You are doing everything you can, I'm so sorry this has happened.
I hope your spouse is found safe and well very soon.
Hugs
 
N

NoOne5

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Sorry about this. I hope your spouse returns safely. :sorry::grouphug:
 
Zero One

Zero One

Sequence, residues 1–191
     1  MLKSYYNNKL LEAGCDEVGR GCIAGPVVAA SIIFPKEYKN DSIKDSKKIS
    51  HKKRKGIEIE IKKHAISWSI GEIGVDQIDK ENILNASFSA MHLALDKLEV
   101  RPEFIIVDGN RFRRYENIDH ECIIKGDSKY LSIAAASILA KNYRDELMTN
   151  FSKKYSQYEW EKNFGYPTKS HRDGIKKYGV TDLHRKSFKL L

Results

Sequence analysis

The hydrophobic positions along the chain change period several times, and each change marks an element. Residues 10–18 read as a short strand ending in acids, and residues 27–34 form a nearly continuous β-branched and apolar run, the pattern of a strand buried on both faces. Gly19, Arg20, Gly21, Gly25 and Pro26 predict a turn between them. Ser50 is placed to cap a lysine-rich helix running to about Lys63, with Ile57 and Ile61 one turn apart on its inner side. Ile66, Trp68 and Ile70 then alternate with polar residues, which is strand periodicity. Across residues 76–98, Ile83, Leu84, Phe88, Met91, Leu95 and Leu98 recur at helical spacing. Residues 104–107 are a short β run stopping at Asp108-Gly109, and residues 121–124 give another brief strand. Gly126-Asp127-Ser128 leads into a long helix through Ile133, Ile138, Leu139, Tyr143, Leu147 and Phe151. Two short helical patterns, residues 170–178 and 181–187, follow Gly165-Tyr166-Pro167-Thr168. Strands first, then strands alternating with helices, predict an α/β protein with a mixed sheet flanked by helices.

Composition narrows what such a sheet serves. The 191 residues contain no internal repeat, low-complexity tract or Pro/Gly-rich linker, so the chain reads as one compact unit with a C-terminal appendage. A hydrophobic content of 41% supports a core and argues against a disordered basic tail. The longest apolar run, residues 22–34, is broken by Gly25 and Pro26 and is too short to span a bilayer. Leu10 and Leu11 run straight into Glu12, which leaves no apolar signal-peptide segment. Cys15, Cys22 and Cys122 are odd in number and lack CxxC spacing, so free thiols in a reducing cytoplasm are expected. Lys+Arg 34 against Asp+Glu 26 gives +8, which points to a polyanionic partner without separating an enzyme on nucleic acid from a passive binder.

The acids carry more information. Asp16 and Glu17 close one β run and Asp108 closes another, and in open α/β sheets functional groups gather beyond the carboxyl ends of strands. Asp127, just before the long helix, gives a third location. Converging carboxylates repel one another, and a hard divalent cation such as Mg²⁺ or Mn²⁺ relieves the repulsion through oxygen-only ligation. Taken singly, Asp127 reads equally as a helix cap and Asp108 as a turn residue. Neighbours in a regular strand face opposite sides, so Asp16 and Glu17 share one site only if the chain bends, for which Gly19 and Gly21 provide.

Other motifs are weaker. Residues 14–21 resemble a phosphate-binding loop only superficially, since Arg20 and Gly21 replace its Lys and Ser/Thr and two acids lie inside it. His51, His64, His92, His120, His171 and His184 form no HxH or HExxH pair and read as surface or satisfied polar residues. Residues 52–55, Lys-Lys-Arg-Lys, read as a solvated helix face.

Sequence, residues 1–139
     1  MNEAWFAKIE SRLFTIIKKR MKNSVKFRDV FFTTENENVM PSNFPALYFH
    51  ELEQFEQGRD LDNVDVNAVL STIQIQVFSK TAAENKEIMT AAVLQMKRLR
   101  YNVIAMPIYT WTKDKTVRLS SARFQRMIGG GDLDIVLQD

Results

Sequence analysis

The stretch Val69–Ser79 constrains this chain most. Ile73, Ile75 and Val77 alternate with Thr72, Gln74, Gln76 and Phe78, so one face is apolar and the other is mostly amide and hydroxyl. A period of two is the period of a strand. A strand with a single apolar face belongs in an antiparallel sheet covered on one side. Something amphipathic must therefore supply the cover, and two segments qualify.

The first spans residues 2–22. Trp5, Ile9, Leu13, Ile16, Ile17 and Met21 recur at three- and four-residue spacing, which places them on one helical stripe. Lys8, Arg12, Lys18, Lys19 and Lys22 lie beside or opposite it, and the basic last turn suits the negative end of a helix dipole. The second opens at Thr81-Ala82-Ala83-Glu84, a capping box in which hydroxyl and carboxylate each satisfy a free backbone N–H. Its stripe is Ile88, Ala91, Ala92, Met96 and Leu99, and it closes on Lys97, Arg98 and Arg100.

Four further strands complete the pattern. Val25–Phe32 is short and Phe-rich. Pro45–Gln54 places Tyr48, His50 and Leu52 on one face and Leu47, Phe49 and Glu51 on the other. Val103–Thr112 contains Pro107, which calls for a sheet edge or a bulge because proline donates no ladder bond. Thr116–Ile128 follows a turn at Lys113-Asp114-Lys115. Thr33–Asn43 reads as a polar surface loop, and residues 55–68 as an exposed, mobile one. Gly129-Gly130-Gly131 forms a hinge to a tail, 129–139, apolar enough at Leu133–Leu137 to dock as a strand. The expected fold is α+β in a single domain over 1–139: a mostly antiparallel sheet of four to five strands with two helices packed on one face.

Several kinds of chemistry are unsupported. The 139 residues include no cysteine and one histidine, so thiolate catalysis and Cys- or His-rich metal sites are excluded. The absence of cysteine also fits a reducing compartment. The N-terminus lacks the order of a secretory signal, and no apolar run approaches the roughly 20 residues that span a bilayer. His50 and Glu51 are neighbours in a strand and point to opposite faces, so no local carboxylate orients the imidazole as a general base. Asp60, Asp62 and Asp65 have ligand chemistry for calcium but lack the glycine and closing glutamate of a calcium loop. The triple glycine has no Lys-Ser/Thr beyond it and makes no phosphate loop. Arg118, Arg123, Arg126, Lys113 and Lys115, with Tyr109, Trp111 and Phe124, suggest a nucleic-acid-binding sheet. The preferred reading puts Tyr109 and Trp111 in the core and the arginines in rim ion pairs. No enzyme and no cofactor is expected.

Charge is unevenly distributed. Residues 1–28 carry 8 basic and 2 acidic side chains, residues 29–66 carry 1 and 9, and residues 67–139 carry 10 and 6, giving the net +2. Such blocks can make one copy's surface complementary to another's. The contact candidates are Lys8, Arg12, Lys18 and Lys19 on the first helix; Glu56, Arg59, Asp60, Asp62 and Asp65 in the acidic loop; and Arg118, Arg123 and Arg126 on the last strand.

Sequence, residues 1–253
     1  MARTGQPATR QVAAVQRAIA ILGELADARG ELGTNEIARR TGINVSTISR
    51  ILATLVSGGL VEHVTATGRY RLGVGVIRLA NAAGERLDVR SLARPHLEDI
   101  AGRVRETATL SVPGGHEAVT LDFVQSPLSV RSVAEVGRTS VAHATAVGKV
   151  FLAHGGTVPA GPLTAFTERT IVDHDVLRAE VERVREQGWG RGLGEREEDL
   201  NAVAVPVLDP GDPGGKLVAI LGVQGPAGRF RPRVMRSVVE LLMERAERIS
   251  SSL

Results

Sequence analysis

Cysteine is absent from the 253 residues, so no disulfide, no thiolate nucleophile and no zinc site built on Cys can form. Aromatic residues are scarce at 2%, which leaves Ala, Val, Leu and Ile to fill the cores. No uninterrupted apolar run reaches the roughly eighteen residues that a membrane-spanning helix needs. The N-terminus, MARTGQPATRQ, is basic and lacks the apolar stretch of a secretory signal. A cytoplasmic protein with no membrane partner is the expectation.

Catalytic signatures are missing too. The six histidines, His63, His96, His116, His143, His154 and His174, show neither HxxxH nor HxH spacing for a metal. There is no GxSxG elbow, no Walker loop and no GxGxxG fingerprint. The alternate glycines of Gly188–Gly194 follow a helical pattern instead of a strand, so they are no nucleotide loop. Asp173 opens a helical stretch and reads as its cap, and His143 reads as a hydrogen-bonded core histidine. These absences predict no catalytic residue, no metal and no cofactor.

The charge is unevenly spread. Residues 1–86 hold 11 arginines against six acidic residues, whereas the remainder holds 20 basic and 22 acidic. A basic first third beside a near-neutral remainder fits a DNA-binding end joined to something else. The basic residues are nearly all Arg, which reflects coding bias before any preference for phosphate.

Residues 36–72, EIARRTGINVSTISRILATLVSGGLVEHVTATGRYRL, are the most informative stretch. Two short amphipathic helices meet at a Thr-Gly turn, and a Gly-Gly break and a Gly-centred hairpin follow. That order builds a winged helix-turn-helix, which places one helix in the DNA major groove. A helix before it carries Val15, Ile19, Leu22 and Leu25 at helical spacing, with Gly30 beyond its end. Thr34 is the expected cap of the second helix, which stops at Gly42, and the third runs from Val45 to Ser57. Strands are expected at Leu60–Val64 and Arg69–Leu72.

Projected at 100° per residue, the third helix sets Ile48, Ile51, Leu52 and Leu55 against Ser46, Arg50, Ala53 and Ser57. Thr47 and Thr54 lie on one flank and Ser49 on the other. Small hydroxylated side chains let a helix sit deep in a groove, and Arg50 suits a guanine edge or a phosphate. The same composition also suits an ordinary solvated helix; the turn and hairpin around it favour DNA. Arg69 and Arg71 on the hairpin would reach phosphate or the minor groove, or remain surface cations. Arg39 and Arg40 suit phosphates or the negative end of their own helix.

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Hello, I am new to this site and need some guidance. My spouse suffers from what we think is bipolar disorder. He had his first episode at age 46 that hit us like a freight train and required hospitalization. He was one meds for about a year after that but "felt really good" so stopped. We thought that maybe it was a one time period of psychosis. Flash forward to now, 3 years from the first episode and here we are again. This time he had a mixed episode where he would be energetic and super creative and then irritated and angry the next moment. He went missing and was picked up by law enforcement after he had walked for 14 hrs in the cold. When he returned he told me he wanted a divorce. For a few days he was in and out of the house doing mystery "chores" and in a manic state. He acknowledged that he "had a short circuit" in his brain. I tried everything to get him to take meds, herbs, go to hospital, see a counselor, go to accupuncture etc. He agreed to see a counselor that he had seen a few years ago and asked me to make him an apt because "phones scare me". I happily agreed, left the house for 1 hr and when i returned he was gone. I filed a missing person report and he was contacted by law enforcement in another state. He had flown to another state with nothing but the clothes on his back! They brought him to hospital but was discharged after a few hours. Nobody has seen or heard from him since. That was 10 days ago. I have reached out to friends in that area, called numerous hospitals, jails and hotels, and have tried to do damage control. I am distraught, angry, frightened, devastated and heart broken. I want to know that my best friend and spouse is safe. I do not know if he really wants a divorce or of it was the mania blowing things out of proportion. We have a pretty stable and happy life together, we just have a few minor relationship issues, aside from the BPD. Please let me know what you think i should do, or is it just a wait and see situation? How long do these episodes last if untreated? Will he ever reach out to me or is my spouse lost forever?